So if you follow this blog, you know I’m a huge fan of the original LET THE RIGHT ONE IN (Låt den rätte komma in) a 2008 Swedish film, that made the rounds in the states at the end of 2009.
Directed by Tomas Alfredson, a relative unknown, having mostly tv credits and comedies to his filmography, it’s fair to say that LET THE RIGHT ONE IN is his breakout hit.
Just a brilliant, oddly intimate and understated film, that works because of that intimacy and understatement. With some wonderful performances, and deft assured direction. It lived up to all the praise it generated well over a year or so back. Mostly because at its heart it’s a very sincere feeling tale, of isolation, and ostracized characters, and the cold winds that separate people. At its heart beneath the vicious, fantastic trappings, there beats a hopeful and horrible tale, just out of sight that both enchants and troubles.
I’m glad for the ambiguous nature of the original film, from the little I’ve heard of the book, I would not have liked the movie near as much, if it was slave to the book. Alfredson’s film, leaves the viewer with questions that linger, and both hopes and fears that haunt. And it is ambiguous enough, that you can graft your own backstory to the characters, and your own ending, hopeful or horrid, depending on your disposition.
‘Låt den rätte komma in’ is a film that endlessly troubles, and endlessly enchants.
Now I just watched the American remake, the more to the point titled LET ME IN, by Matt Reeves, and I thought it was a good film. But the title itself gives you a clue to where this film stumbles, and we’ll touch on that in a moment.
Matt Reeves, the director of CLOVERFIELD, which I thought was awful, definitely improves on that first outing.
The opening and much of the film showed a surprising deftness and attempt at freshness, surprising for what amounts to a quick cash grab. Which is what remakes typically are.
However Matt Reeves surprises with some scenes that are a clear improvement, such as the films tonal centerpiece, the car hijack scene. That’s just a wonderful bit of filmmaking.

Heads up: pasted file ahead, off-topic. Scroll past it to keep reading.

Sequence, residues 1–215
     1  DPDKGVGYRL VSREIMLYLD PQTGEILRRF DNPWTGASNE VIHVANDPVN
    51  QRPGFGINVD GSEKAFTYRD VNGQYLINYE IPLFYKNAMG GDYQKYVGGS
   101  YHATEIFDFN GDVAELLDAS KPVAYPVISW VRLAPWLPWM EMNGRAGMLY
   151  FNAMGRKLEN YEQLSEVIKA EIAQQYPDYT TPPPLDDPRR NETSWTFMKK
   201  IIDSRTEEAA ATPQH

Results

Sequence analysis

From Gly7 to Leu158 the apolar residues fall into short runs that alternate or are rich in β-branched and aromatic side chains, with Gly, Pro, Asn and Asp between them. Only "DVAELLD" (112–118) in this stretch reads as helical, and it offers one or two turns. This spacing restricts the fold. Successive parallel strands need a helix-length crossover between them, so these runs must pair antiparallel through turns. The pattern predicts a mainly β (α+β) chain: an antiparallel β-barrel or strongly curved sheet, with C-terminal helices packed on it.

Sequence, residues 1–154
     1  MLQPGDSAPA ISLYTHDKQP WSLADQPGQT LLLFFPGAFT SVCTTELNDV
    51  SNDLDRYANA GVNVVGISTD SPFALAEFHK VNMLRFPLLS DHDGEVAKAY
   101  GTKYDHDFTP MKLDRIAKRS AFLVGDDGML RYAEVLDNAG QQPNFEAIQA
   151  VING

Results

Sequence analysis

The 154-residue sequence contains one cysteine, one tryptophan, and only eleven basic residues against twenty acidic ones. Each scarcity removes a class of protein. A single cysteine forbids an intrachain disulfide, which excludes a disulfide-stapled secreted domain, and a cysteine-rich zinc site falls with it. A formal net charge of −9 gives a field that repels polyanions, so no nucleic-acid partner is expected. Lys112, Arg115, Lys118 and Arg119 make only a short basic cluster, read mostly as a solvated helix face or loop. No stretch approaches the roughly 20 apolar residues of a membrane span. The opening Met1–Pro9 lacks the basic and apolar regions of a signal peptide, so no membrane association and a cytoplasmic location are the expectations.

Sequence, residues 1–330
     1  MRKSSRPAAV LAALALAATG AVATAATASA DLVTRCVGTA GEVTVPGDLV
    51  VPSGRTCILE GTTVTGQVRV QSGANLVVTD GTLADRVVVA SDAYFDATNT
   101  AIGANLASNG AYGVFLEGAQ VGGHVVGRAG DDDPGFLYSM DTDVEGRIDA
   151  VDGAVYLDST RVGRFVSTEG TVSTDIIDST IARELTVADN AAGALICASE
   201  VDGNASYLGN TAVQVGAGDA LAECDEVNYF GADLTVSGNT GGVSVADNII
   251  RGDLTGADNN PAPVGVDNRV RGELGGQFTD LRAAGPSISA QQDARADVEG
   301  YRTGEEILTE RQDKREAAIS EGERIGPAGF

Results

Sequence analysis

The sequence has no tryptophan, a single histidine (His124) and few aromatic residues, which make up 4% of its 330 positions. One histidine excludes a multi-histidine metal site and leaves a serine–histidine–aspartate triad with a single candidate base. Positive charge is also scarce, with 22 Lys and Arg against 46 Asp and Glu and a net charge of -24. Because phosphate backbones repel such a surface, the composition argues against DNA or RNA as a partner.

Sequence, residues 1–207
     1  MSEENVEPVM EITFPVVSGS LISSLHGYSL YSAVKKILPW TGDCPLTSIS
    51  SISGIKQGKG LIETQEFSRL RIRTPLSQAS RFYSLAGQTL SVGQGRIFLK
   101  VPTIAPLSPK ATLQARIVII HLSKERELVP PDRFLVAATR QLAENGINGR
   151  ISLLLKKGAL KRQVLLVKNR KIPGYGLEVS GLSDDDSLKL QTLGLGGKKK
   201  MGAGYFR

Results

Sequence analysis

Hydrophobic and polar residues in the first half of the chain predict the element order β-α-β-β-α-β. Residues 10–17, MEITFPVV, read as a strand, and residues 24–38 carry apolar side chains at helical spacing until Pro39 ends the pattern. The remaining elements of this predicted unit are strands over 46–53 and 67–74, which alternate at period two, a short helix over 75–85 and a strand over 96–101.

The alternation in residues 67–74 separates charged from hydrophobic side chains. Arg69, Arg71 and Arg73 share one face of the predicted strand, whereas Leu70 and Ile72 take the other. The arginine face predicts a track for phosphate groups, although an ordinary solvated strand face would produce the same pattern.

And I quite liked the choice of how to open the movie, from “step A” showing you this is not going to be just a regurgitation of the original, but hopefully a reinterpretation.
The film tries to juggle the constants that make the original work while adding its own spin to it, and for the most part it works. I thought where it failed is in pivotal scenes with our young protagonist. Particularly the scenes with the two young actors, (both of who give great performances, Kodi Smit-McPhee and Chloe Moretz. My problems are not with their performances, it is in how their interaction is, and is not, covered), the issue is the intimacy of their interactions.
I’m thinking of specific scenes where the two young actors bond in the original, moments of bonding which help to pave the way for that ending. One scene in the original is as much body language as dialog, arguably more. Such as when Oscar hugs Eli after the candy incident, it informs a lot… how that scene plays out, and how she’s hesitant to hug him back. It speaks of her vulnerability and fear as much as his, and that wonderful bit of business is lost in Matt Reeves’ remake, due to how he frames that shot in tight close up. Losing more than it gains. The same is for the scene of them in the bed. Compare how well and touching that plays in the original to how distant and removed it is filmed in the remake.
But the two really important scenes that I think speaks to the very heart of what really binds these two children, or at least what binds Oscar to her, binds him to her body and soul, for me the pivotal scenes in the original film, without which that film would not have worked, are (spoilers ahead)